Yoga for Men - Reason 3 - Flexibility & Mobility
Notice that the stiffest trees most easily cracked, while the bamboo or the willow survives by bending with the wind.
Increasing Flexibility and Range of Motion
If I had a pound every time I had a guy say to me “I’m not flexible enough to do yoga”. Then, by now, I would have saved up enough money to afford to attend a yoga class in London! Of course, I hear this from ladies too, but at least 50% of the men I talk to utter a variation of this phrase when the topic of conversation turns to yoga.
Well, I will promise you something. You aren’t going to get any more flexible - by not doing yoga!
But really, you don’t need any level of flexibility to start yoga. Whatever your current level of flexibility and mobility it’s completely fine.
I promise you - don’t need to be flexible to start yoga. However, I guarantee you - if you are stiff and lacking mobility, then yoga will help you greatly increase your flexibility.
Benefits of Flexibility
Let’s talk a little bit about why we should consider flexibility a positive that we should be aiming for in our lives, but also add a note of caution.
For sportspeople, athletes, martial artists, for people whose body is their tool, the benefits of flexibility are clear and well documented. However, flexibility also provides benefits in our day-to-day life in purely practical activities. Being flexible helps us avoid injury and means that the multitude of everyday tasks are easier to manage. Being both flexible and stable in our spine means that our back remains strong and healthy.
As we age it is natural to lose flexibility, and this loss can start to make these everyday tasks - such as putting on socks, lifting children, or doing up a seat-belt challenging - overtime these changes can really have a negative impact on our life. By working to maintain a basic level of flexibility we avoid these pitfalls, we want to ensure the putting on a coat should never be a challenge!
There is also strong science from Japan(1) that shows the more flexible our body - the more flexible our arteries. The stiffening of artery walls is known to be a risk factor for cardiovascular diseases such as heart attacks and strokes. So, external flexibility coordinates with internal flexibility and correspondingly, improved heart health.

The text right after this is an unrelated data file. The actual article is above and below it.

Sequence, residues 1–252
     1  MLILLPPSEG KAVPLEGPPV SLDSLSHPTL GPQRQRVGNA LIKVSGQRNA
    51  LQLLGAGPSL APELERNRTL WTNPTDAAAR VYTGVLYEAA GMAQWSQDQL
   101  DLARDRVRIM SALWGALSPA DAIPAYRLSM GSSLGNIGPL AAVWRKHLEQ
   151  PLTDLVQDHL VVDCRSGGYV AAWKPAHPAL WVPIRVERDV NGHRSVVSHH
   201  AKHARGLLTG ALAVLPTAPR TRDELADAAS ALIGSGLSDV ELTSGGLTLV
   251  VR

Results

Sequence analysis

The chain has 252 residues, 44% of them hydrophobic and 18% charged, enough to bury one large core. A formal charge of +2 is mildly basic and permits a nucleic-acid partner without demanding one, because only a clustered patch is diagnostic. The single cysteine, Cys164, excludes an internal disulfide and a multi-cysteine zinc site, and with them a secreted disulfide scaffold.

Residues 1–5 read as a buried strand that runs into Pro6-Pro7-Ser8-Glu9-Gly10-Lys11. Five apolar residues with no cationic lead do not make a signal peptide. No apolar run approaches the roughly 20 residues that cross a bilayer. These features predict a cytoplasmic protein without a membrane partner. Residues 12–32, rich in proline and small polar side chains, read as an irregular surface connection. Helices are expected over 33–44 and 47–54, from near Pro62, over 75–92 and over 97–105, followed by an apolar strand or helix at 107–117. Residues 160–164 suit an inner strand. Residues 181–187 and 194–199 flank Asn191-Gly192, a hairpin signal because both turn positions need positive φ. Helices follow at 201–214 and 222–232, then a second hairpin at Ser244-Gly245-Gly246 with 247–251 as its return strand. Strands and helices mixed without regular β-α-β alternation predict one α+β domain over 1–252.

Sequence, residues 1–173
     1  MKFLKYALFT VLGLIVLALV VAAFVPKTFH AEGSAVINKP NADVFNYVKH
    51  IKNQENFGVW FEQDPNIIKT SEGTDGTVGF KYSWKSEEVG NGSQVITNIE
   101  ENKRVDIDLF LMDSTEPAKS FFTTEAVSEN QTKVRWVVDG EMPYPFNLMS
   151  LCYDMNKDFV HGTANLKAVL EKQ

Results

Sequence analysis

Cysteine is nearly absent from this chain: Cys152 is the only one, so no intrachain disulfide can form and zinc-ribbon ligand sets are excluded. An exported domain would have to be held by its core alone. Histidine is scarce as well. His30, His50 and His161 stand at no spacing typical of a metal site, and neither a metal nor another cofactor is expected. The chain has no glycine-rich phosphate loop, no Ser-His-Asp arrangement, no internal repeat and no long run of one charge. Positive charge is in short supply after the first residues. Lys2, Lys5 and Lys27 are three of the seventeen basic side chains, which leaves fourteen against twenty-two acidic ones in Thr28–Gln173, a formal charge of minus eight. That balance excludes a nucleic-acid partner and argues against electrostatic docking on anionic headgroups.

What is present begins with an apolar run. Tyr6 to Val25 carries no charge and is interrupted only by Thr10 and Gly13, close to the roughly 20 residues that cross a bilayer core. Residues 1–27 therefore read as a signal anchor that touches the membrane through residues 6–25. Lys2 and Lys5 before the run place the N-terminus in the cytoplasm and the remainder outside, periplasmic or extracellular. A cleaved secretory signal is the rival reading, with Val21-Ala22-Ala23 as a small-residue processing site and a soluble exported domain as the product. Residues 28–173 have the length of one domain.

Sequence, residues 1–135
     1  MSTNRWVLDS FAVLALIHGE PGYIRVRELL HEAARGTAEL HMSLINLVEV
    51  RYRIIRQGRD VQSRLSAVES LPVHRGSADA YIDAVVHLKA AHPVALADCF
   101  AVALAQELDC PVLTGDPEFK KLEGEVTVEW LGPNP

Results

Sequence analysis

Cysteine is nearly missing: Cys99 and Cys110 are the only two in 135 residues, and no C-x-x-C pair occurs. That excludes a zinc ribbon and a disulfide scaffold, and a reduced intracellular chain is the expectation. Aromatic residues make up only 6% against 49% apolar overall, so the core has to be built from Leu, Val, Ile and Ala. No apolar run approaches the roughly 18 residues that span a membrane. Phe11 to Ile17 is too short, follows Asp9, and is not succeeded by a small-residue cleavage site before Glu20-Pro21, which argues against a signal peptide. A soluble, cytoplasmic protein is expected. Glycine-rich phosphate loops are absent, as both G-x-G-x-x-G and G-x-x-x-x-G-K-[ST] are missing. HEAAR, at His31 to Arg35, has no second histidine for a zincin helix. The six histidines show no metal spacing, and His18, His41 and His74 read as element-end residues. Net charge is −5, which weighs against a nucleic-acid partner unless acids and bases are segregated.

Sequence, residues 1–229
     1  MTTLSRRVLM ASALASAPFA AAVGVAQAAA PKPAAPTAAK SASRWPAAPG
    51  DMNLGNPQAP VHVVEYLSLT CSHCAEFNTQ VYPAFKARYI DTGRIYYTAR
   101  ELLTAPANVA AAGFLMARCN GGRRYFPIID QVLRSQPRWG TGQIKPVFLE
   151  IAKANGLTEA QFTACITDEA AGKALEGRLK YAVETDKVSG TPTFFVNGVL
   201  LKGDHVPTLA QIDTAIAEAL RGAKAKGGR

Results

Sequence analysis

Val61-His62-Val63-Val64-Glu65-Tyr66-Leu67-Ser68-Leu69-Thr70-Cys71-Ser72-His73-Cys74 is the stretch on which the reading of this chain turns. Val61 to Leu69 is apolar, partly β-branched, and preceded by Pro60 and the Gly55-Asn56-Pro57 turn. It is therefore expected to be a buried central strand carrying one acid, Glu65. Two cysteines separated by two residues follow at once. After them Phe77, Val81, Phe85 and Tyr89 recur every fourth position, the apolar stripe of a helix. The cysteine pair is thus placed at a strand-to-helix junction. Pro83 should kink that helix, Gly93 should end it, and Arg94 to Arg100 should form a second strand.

A Note of Caution
I’m going to talk more about this in a future blog, but I do just want to throw up a word of caution at this point to people who are already naturally super flexible, especially those with hyper-flexibility in any of their joints.
If you are naturally extremely flexible or mobile then using yoga to stretch further and further - while potentially producing great Instagram photos – can, in the long run, cause problems of its own due to over-flexibility.
I want to make it clear, yoga is still great people with hyper-flexibility - but their challenge in yoga practice is to work on strength and stability, that's what's going to produce benefits for them. Not keep on stretching until they snap.
A Good Rule to Consider
A good rule in any physical activity. In fact, a good rule in just about any activity. Is to practice hardest the thing that you struggle with the most. As we talked about in the previous blog, balance is a good and healthy thing to achieve in our lives.
So, if you are stiff and strong - it’s a wise course to work on your flexibility and mobility. If you are incredibly flexible and mobile, then it’s going to be healthy to work on your strength and stability. If you get out of breath quickly, it would be wise to address cardiovascular fitness. If your balance is poor then practice and improve that. And so on and so forth.
It’s really easy to focus on the things we are good at, but don’t be afraid to embrace the things that you struggle with and improve those, those are the areas that can make the biggest impact in our lives.
Flexibility, Yoga and a reduction in Lower Back Pain - Dr Susan Wieland
Reason 3 - Flexibility
1) Yamamoto, K., H. Kawano, et al. (2009). “Poor trunk flexibility is associated with arterial stiffening.” Am J Physiol Heart Circ Physiol 297(4): H1314-1318.